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Chris Gragg's Rookie Journal: Chapter 4

By Tim Graham

PITTSFORD -- Three times already in training camp, the Buffalo Bills have expressed dissatisfaction with their tight end depth.

Before the first air horn, they cut Mickey Shuler. The Bills added Nick Provo on Aug. 4. They waived Mike Caussin on Wednesday.

Rookie tight end Chris Gragg knows he's not supposed to pay attention, but it's difficult when a player at his position isn't there one day or a new guy shows up.

"It just shows you that this NFL is a business," Gragg said after Wednesday night's practice at St. John Fisher College. "You try not to really think about it. You hear about it in the media and Coach tells us the business of the day, everyday. You just try to focus on your job."

That can be difficult when your father is keeping such close tabs on roster spots and makes it a point to keep score.

"He texts me every time somebody gets released and tells me he's glad it wasn't me," said Gragg, the seventh-round draft choice who has agreed to share his rookie journey with throughout training camp.

"I try to block it out, just focus on your job at hand," Gragg said. "Coach Marrone told us [Tuesday] in the team meeting, when you think about stuff like that and you're always worried, it can affect your play, and I just don't want anything to affect my play.

"I think if I put everything good on film, I think I have a good chance to be on the team."

Gragg's NFL career began well Sunday against the Indianapolis Colts. He started along with Dorin Dickerson in a two-tight formation and saw more snaps than any other Bills tight end. Gragg called it "a great experience."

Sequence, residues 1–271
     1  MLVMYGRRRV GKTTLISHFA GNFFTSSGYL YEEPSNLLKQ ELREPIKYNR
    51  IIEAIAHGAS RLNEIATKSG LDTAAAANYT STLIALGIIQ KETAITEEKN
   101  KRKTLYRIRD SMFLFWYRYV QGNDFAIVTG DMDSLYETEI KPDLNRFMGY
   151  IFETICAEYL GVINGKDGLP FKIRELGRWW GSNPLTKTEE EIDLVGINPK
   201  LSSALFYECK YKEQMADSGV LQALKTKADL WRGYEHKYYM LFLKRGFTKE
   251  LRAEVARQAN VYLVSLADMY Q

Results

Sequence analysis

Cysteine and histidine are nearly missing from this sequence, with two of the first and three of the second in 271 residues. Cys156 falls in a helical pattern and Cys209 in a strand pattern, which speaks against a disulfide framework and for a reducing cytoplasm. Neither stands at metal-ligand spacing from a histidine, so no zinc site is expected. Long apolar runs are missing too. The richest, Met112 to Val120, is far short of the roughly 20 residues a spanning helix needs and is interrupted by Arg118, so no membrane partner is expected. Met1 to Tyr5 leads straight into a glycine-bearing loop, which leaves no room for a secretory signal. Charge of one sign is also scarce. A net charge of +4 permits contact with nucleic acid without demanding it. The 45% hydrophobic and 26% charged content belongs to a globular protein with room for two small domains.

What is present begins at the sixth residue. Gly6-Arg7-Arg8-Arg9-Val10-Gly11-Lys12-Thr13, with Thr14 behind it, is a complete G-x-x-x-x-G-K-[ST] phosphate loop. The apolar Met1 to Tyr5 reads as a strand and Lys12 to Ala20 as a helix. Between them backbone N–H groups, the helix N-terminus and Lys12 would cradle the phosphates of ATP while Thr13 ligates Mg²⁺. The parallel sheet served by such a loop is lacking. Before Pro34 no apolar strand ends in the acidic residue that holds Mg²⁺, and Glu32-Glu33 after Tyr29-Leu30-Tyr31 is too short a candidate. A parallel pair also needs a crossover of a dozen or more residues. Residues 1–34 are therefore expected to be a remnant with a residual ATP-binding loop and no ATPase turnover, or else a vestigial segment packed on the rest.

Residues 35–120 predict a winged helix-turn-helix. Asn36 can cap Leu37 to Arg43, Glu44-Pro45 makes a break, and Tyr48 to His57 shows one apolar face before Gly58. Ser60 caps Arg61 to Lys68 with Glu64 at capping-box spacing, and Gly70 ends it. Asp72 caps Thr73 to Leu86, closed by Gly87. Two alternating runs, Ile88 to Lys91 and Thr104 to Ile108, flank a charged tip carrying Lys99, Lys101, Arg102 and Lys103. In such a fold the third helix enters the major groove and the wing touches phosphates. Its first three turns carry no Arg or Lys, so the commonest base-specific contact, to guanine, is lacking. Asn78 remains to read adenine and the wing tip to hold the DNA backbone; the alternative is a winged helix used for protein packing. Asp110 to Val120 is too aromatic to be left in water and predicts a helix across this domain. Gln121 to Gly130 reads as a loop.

He took 57 offensive snaps. Provo was next at 32 plays, followed by Lee Smith with 16 and Dickerson with 15.

Gragg caught two of the four passes thrown his way. His catches went for 6 and 8 yards. He had one drop.

"I would probably give myself a B," Gragg said. "I never try to give myself an A. I mean, it was my first game.

"I know I had a pretty good day blocking. I know that's one of the things my coaches want to see from me, could I block at the NFL level? I think I did that."

With only four preparation days between games, Gragg is eager for Friday night's exhibition against the Minnesota Vikings. It'll be his first game in Ralph Wilson Stadium and a chance to square off against a high school and college teammate, Vikings receiver Jarius Wright.

The quick turnaround between games provides a healthy whirlwind for Gragg, who doesn't have enough downtime to dwell on NFL realities.

"You just look at the schedule and know the cut days are coming close," Gragg said. "That's the only thing. When the cut days get closer, it might be a little harder. Right now, I'm just getting prepared for Minnesota."

As focused as Gragg is supposed to be on the here and now, he admitted he's already looking beyond next Wednesday, the last day of training camp at St. John Fisher.

"It's been hard, especially my rookie year," Gragg said. "It's been a long year. From January, I've been living out of suitcases, getting ready for the combine, getting ready for rookie minicamp and things like that. ... I'm ready for it all to be over and get settled."

Chris Gragg's Rookie Journal: Chapter 3

By Tim Graham

PITTSFORD -- Chris Gragg probably didn't stand out to those who watched the Buffalo Bills' intrasquad scrimmage Monday night.